Wednesday, October 29, 2014

Carla Ching, playwright of "Fast Company," talks about the play, the Kilroys, writing for television

Brad Walker, Mariko Kita, Sara Porkalob, Kevin Lin in Fast Company (Roger Tang)

Fast Company
Theatre Off Jackson
November 1-22, 2014

Pork Filled Productions’ next play opens this weekend. Fast Company is by Carla Ching and is about a Chinese American family (specifically, as you’ll see her talk about below) of expert con artists, grifters and thieves. It portrays, with comedy and drama, the ins and outs of family dysfunction, even within a family criminal enterprise.

Ms. Ching is a playwright and also a staff writer on an edgy, current and very diverse tv cop show, Graceland. (Well, it’s federal agents, but that still basically makes it a cop show.) I talked to her about her play and writing for television and her involvement in The Kilroys, the group that made headlines this year when they collected a list of 46 plays written by women that theaters could use nationally if they wanted to increase the amount of women playwrights on their production schedule.

First up, her play, which is having its third production via Pork Filled, after having outings at South Coast Rep and Ensemble Studio Theater in New York. EST commissioned the play. Carla has worked with director Amy Poisson on tweaking the script so this script is not the same as either other production.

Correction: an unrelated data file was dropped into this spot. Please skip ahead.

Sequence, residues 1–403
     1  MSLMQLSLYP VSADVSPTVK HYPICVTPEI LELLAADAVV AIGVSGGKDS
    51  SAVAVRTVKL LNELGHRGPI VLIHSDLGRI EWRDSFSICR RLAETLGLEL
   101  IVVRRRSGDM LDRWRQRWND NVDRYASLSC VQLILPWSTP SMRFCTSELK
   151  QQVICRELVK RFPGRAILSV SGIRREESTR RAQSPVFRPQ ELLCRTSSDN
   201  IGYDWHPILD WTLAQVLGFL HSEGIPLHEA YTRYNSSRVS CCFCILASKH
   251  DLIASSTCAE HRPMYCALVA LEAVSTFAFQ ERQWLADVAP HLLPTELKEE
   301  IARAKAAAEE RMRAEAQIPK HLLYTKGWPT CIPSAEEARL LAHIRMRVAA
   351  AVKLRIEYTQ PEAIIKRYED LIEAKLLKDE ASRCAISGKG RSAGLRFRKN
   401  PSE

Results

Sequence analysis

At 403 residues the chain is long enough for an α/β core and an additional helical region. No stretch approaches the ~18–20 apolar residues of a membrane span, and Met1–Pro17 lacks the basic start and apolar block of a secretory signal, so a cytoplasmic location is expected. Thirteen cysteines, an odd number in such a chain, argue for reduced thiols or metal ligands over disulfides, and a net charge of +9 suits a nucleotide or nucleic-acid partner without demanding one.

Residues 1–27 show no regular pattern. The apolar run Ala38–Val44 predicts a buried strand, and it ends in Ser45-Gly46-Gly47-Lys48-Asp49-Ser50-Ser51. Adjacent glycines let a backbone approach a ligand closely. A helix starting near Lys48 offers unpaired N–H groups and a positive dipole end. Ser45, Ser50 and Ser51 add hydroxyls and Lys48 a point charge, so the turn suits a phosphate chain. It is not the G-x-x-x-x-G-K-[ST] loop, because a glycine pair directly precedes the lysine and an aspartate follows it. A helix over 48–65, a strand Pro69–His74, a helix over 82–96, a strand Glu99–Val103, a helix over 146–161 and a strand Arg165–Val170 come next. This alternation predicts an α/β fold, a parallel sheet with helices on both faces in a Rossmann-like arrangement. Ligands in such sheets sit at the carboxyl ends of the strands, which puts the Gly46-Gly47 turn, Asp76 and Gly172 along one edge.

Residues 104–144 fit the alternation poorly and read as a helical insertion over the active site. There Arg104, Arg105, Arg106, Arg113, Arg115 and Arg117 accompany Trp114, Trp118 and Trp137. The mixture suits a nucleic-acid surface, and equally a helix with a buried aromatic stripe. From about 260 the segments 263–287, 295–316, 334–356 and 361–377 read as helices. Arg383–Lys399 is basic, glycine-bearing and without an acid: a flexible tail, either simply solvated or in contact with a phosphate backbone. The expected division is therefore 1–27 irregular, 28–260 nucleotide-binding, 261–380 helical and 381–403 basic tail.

Carla says that she was commissioned, originally, by EST to “do a play about science or scientists in a good light. If you can figure out an idea, you write a 1 to 2 page proposal and if they like it they’ll work with you over a several year period. I proposed a play about game theory. (My main character) Blue studies game theory and it’s the aspect she thinks will give her a leg up as a conman. At a certain point (in the plot), she realizes she needs a twist to get the comic back from her conman brother because she can’t just pull a con on him. She realizes she can use what she learned in economics classes in game theory to gain some leverage over her brother.”